What Early Job Later Informed Your Work as a Writer?

Francine Prose and Leslie Jamison discuss early jobs that later influenced their work.

Comments: 11

  1. A good question that provided actual insight into the person; good lessons on how we prepare to live by living...

  2. I agree: one of the best of these questions, provoking some of the best responses.

  3. The question is, "What Early Job Later Informed Your Work as a Person?"

    I spent my sophomore year drunk. I had my first job my junior year in high school. I unloaded trucks, stocked shelves and cleaned for a defunct chain store evenings Mon-Sat. My parents were not happy. I was college-bound, but at my high school we didn't have to attend full-time if we didn't want or need to. I decided to go half-time my junior and senior years. Just requirements. That way I could work part-time.

    The store had a manager, a co-manager, an assistant manager and a manager trainee. There were about sixty other co-workers. Most were not college-educated or college-bound. The Vietnam War was going on, and I was anti-war. My best friend at work was a recent high school graduate, two to three older than me. He was in the Marine Corps reserve; his goal was to be the first black Commandant of the Marine Corps.

    On the list of seniority, I was # 60 out of 60. But every single person in that store, including all the managers, treated all others with respect. To my managers, even *I*, a 16-year-old student trainee, was a valued and important member of the team.

    I quit that job the following May so I could go with my father to D.C. on a government trip; I was in front of the White House the day Nixon resigned. To pay for my trip, I scabbed for two weeks during a strike (we all knew that the union would win). The next year I pumped gas at the PX gas station. Another great job because of great people.

  4. I left my final class in college with the words of my writing teacher ringing in my mind: "Steve, you have a way with words; you just need something to write about." So I moved from Georgia up to New York City to work for the Journal-American (Hearst daily), then UPI, thinking that's what she meant. I learned years later, it wasn't. A couple of decades on, I wrote some nonfiction books and articles. Although I was pleased to be published, that didn't ring my bell either. So, I retired to do what I wanted, which was to tell stories. I've finished four novel manuscripts and one book of short stories and never been happier, though I haven't found the time to try to market them. Write on!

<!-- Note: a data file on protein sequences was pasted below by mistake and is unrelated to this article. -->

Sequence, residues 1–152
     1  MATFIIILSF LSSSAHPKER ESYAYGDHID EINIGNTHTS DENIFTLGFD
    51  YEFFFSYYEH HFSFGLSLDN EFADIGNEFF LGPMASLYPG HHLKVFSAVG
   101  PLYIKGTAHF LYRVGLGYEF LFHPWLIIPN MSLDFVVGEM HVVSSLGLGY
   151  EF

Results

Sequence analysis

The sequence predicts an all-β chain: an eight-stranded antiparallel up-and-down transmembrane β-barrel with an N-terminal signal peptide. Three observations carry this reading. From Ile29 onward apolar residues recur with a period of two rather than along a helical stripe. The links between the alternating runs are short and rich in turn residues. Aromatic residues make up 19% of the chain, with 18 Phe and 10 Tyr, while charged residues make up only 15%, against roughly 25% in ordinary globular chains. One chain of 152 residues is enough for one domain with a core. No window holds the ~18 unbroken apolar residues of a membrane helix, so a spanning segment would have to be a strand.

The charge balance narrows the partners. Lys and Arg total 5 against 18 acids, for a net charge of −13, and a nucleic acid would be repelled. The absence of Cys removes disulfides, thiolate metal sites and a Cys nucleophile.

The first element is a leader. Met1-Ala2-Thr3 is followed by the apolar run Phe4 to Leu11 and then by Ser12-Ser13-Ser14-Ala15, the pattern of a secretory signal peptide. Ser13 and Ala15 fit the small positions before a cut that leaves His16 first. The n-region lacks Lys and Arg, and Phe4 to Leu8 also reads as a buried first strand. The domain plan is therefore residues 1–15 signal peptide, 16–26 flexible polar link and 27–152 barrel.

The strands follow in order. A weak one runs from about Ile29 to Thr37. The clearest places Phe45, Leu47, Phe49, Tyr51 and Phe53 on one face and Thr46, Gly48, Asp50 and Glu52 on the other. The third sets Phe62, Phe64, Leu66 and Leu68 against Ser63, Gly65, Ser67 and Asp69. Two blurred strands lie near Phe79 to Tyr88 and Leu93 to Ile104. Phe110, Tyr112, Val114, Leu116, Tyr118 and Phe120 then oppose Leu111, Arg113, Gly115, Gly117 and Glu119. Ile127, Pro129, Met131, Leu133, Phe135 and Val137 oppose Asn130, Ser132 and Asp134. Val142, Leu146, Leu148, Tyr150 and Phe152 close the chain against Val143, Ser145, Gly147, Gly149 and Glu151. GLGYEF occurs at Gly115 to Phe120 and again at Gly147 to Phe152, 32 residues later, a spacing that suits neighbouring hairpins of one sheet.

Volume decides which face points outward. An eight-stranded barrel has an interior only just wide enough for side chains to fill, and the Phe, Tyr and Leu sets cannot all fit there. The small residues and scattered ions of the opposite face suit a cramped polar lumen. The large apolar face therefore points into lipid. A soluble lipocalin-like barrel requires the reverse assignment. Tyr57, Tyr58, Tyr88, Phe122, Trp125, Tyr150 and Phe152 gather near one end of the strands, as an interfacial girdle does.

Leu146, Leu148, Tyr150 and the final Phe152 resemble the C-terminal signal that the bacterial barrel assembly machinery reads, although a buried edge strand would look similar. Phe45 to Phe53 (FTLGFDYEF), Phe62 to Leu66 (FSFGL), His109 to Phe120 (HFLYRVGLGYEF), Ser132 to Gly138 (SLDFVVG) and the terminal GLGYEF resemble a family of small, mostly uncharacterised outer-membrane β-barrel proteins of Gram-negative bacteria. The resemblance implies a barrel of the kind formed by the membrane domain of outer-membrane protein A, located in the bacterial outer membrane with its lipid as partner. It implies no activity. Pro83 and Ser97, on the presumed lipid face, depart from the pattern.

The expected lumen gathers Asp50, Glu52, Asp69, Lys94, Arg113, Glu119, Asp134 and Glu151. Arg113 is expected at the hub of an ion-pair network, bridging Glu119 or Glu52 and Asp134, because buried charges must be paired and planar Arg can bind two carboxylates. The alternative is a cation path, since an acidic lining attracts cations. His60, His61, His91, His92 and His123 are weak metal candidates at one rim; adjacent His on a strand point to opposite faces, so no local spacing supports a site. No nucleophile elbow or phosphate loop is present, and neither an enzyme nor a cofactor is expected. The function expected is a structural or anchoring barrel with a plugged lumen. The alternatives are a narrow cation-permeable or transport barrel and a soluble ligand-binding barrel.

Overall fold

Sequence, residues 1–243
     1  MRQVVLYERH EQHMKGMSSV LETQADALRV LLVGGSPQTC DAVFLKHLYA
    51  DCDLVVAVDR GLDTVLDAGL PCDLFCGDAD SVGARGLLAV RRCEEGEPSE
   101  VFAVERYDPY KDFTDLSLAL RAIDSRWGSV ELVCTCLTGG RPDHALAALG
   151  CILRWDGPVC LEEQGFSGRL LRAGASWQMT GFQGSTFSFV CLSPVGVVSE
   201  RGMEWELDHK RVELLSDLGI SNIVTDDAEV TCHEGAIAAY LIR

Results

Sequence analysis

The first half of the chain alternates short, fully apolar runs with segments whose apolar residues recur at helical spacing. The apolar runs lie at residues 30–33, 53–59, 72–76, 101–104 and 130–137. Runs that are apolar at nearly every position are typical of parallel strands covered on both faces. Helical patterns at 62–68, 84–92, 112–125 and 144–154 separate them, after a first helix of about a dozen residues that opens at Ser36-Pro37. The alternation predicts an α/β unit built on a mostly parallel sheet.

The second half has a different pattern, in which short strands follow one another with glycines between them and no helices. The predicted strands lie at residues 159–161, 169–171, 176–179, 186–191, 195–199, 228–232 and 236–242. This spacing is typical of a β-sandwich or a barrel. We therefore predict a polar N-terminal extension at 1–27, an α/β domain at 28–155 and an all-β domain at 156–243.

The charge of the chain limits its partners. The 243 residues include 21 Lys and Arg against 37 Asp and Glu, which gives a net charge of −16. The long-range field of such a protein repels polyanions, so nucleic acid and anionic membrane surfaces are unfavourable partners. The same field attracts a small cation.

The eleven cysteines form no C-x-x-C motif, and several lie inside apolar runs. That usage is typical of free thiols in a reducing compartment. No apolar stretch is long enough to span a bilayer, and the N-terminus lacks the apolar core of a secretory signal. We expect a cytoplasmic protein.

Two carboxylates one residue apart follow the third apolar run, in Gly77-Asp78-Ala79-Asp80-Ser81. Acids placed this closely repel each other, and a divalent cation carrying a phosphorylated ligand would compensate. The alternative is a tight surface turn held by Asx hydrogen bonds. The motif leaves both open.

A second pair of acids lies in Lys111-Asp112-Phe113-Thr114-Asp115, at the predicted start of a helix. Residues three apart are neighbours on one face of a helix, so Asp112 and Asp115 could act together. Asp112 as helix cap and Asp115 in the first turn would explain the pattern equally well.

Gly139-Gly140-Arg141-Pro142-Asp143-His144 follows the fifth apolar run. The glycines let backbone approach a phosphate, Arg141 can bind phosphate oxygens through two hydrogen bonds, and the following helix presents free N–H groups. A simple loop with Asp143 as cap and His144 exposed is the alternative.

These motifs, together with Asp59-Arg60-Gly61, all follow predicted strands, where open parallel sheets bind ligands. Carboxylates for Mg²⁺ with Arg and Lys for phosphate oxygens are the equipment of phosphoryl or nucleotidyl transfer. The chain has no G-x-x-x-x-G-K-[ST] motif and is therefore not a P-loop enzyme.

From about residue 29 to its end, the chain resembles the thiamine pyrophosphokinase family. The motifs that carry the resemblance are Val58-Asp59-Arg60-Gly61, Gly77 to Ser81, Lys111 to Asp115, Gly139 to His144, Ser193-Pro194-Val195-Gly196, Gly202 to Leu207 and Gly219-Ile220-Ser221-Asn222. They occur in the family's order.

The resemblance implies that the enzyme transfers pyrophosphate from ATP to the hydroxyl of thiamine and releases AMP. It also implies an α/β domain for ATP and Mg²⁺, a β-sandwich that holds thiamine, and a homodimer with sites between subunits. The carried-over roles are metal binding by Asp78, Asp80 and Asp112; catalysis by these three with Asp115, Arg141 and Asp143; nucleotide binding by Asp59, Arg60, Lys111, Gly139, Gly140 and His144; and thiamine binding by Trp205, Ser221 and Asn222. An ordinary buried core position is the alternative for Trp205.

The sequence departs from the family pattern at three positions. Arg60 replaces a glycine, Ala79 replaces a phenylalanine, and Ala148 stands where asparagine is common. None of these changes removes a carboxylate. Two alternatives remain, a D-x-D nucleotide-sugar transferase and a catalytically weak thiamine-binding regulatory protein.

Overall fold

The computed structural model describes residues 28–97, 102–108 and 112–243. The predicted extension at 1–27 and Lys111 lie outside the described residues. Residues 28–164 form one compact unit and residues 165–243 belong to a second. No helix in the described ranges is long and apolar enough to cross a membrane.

5. This is my favorite question/answer ever, in this space. Real stories. Well and honestly told.

  6. These are the two best essays of this series, by far. And "taking damp quarters from the palms of 8-year-olds" is their best line.

  7. Some menial and not so menial (union) working class jobs during and after college helped me for the future translator part of my life absorb the rhythms of the common tongue and many expressions that I would have never encountered otherwise; and, as an immigrant, Americanized me. Much later in life, unexpectedly and suddenly broke, I found myself doing work that actually led to the book “WRITE SOME NUMB'S BITCH”, a title that derives from a promoter's imprecation to his salesMEN!, that is, I was very much in a Mametish world! I was writing this book as I was working in that profession and earning a living, an utterly unexpected event in my then well planned life, but for which earlier exposure to the common touch had somewhat prepared me.